Numerical solution of equations

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Pure Mathematic 2 Coursework

Numerical solution of equations

By Michael Pang

I am going to show 3 of the numerical methods for solving the equation which cannot be solved algebraically. They are interval estimation, fixed point estimation and Newton-Raphson method. Those of these numerical methods are used when algebraic ones are not available.

When you found any equations which cannot be solved algebraically, probably you will draw the graph and see where the roots are. However, the other problem is found that you cannot get all roots accuracy. Actually, the numerical methods cannot find the exactly root but the answers are more accuracy than sketching the graphs. Therefore, we usually provide the answer to 5 or 6 decimal places depending on what the questioner needs. Finally, we check the answer by setting the lower bound and upper bound to see whether it has sign change or not.

Even if the three numerical can solve the equation non-algebraically, they have its advantages and disadvantages. And now I am going to show how these methods works and their problems by using the equation F(x) = x³-9x+3.

Interval estimation

Assume that the roots of the equation F(x) = x³-9x+3, and I am looking for the roots which F(x) = 0.

The roots of the equation are the values of x which the graph of y = x³-9x+3 crosses the x axis. By using the computer, I recognise that there are 3 roots on the graph and the value of these 3 roots. However, if we cannot use the computer, we have to use one of the numerical methods - interval estimation. A root must be lying on the interval a and b where an interval have been marked in which F(x) change signs. We thus know that there must be a root in that interval. The equation F(x) = x³-9x+3 has 3 roots which are in the interval of (-3,-4), (0,1) and (2,3). We can find the roots through decimal search, interval bisection and linear interpolation.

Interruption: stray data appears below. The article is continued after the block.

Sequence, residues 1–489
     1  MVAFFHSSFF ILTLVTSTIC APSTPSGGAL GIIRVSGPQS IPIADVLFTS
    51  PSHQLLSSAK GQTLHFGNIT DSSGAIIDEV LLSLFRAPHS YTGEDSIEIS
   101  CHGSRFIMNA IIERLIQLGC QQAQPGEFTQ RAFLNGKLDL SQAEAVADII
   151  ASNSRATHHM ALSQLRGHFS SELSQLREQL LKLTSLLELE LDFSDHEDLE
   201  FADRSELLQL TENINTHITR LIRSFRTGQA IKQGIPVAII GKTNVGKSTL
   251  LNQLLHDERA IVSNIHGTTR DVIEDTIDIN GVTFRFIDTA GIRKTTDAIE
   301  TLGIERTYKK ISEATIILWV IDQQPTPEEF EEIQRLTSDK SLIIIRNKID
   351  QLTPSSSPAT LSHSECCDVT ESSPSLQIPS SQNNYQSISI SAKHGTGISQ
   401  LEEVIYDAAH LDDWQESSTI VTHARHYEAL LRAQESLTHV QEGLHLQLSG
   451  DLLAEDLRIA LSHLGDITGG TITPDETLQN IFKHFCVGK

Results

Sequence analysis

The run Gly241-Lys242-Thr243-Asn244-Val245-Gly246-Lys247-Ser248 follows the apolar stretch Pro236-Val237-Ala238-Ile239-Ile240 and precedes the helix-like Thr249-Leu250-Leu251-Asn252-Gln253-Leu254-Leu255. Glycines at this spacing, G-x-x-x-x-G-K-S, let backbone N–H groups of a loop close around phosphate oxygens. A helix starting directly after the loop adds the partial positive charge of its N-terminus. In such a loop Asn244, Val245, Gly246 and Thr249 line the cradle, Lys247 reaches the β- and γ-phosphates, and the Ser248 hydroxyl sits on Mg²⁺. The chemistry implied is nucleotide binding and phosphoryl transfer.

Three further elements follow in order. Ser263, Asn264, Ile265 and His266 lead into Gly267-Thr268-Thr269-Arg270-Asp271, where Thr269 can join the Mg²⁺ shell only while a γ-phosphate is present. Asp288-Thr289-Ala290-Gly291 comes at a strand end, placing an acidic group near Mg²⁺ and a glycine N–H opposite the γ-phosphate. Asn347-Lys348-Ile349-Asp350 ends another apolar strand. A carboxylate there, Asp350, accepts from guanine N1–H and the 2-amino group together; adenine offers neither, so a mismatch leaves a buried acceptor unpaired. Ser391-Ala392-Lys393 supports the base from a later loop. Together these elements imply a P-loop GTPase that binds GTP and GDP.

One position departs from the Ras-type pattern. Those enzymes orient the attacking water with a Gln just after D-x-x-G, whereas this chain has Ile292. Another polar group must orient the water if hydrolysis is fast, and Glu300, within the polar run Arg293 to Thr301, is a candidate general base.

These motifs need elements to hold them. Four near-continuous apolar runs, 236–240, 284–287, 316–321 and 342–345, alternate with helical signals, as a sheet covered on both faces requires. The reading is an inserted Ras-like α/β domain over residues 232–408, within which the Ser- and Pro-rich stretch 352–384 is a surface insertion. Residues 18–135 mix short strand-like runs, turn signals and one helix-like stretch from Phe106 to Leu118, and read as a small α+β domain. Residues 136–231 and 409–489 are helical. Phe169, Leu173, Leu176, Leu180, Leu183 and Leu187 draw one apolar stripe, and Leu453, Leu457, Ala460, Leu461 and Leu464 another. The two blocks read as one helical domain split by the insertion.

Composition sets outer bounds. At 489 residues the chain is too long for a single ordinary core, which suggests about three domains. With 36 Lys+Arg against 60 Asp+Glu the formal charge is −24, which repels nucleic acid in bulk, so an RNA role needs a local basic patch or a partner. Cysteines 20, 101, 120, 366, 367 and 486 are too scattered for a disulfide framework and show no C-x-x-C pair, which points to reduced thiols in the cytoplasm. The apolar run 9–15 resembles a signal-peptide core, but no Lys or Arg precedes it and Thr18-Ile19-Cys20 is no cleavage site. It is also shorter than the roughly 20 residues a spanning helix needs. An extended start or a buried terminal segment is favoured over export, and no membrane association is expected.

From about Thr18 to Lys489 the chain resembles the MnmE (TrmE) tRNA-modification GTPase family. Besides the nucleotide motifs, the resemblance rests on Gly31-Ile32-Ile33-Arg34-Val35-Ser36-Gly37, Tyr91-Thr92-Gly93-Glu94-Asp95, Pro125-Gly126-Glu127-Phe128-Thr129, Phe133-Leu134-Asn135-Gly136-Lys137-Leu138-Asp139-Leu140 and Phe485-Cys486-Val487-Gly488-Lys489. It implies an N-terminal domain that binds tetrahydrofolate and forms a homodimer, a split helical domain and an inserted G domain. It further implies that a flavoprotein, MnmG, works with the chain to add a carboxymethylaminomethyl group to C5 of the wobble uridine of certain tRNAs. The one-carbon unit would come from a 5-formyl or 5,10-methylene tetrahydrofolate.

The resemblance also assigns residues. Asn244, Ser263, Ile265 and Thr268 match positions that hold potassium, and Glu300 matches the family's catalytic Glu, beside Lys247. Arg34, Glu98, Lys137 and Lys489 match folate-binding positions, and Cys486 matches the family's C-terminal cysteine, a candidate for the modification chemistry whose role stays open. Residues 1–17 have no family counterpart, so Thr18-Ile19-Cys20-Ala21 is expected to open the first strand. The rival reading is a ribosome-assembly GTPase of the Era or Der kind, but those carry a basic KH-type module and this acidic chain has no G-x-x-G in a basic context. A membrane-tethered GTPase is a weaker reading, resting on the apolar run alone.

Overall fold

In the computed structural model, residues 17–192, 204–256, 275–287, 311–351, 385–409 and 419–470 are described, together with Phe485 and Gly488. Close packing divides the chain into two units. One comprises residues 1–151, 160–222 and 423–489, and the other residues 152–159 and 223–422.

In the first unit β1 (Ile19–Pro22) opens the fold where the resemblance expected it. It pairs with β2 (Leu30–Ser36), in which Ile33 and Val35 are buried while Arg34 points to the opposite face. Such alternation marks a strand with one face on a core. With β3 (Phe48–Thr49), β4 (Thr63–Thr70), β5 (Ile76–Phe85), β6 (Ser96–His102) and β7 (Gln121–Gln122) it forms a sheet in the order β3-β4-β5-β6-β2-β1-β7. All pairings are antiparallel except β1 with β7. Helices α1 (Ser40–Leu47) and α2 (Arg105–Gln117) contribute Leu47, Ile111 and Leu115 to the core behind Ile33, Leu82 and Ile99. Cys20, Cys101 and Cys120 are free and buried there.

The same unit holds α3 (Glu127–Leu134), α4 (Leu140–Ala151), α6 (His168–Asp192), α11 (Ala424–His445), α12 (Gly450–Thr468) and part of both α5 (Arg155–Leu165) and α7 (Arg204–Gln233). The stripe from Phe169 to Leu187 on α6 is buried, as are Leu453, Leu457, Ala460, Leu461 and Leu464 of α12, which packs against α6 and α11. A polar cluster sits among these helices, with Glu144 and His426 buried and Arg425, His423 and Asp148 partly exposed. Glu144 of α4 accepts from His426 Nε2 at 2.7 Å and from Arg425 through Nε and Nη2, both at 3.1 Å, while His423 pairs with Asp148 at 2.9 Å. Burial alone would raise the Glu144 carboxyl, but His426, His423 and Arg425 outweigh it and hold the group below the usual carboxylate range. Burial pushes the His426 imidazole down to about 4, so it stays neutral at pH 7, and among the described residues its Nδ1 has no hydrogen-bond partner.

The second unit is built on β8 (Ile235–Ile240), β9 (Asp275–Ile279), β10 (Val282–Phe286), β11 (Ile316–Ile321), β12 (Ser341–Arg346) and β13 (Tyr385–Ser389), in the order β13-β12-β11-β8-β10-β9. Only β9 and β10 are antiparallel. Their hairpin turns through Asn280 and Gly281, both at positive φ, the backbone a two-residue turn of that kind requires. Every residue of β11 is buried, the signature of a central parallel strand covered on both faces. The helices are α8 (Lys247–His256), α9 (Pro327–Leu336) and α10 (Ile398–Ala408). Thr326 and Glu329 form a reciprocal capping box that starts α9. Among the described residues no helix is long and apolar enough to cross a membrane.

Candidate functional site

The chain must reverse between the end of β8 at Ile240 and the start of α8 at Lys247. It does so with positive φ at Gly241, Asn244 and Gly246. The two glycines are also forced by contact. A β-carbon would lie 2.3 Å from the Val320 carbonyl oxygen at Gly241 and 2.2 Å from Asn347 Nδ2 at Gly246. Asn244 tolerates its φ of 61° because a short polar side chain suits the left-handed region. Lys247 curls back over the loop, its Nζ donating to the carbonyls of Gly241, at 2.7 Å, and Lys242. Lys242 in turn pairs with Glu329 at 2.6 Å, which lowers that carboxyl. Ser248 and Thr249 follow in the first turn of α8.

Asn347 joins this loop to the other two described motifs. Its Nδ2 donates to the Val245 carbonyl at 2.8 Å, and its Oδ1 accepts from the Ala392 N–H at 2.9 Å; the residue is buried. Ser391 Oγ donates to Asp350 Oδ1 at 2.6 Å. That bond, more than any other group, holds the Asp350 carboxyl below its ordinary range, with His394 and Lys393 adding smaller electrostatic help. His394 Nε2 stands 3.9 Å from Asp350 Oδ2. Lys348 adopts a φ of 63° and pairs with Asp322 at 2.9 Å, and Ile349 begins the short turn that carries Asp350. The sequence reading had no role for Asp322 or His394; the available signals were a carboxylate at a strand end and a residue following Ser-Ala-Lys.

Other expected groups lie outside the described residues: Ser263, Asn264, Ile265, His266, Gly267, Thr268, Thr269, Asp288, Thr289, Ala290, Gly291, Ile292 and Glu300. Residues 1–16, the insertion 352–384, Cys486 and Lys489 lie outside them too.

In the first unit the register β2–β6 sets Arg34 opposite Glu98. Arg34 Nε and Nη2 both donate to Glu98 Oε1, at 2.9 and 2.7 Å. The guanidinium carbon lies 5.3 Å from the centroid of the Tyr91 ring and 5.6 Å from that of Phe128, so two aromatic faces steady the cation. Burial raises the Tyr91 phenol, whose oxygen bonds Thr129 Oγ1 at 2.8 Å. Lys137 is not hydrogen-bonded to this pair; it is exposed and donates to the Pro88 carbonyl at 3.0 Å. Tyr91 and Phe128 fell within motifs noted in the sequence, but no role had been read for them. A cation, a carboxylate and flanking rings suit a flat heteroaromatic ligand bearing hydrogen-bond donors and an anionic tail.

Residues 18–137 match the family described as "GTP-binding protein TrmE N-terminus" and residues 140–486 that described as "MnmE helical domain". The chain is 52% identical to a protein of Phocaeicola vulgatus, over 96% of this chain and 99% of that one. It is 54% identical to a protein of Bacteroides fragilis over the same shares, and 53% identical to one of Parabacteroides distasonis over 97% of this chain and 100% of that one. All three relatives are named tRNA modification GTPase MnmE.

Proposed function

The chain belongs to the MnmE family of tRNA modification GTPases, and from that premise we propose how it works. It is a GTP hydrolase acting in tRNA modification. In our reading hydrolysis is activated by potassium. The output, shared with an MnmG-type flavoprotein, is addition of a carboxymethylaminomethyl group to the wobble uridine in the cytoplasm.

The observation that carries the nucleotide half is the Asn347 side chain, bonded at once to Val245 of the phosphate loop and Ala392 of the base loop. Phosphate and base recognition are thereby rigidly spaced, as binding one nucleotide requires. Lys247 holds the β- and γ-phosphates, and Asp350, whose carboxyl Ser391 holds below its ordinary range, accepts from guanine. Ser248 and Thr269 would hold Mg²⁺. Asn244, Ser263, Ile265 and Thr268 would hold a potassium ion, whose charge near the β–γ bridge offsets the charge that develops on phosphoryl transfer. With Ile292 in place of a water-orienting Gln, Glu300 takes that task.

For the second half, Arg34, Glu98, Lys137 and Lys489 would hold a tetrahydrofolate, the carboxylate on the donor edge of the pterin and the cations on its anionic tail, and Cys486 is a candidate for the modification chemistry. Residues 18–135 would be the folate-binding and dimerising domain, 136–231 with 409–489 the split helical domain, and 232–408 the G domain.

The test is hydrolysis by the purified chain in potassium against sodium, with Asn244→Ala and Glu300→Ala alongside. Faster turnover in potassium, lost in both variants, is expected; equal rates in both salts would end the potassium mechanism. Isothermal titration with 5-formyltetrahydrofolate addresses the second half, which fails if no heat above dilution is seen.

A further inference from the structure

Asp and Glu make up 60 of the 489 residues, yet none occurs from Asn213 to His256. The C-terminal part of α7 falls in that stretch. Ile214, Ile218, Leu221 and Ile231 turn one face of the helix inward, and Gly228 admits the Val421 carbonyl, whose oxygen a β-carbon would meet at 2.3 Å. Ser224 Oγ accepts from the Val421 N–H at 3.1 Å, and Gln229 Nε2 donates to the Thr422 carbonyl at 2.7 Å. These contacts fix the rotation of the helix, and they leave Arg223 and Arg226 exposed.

Decimal search

It is one of the methods of interval estimation through dividing each interval into 10 parts and looking the sign change. Here are three steps of this method:

- Take increment in x of size 0.1 within the interval of the root. Stop when there is a sign change.

- The interval has been narrowed down and now keeps on taking increment in x of size 0.01 within the narrowed interval. Stop again if there is a sign change.

- Repeat the step by taking increment in x of size smaller up to 6 decimal places (the final answers are recorded to 5 decimal places.

In the diagram (Appendix A), I have followed all the steps and finally found all the roots. They are 2.81691, 0.33761 and -3.15452 which are the same as the result from the graph.

The only advantage of this method is that the upper bound and lower are found automatically. However, the procedure is long and bored. Therefore, mistakes are easily made if you didn't check it. In addition, without the help of computer, it wastes much time to record every number you have found.
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Interval bisection

It is very similar to the decimal search. It has to look at the sign change and divides the interval. However, the interval is bisected and narrowed down the interval depends on how the sign change (negative or positive). Here are the following steps:

- Find the interval which the root is between it and start by taking the mid-point of the interval. For example, the interval between the biggest roots is (1,0), I have chosen it since there is a sign change. And the mid-point of the interval 0.5.

- Put the ...

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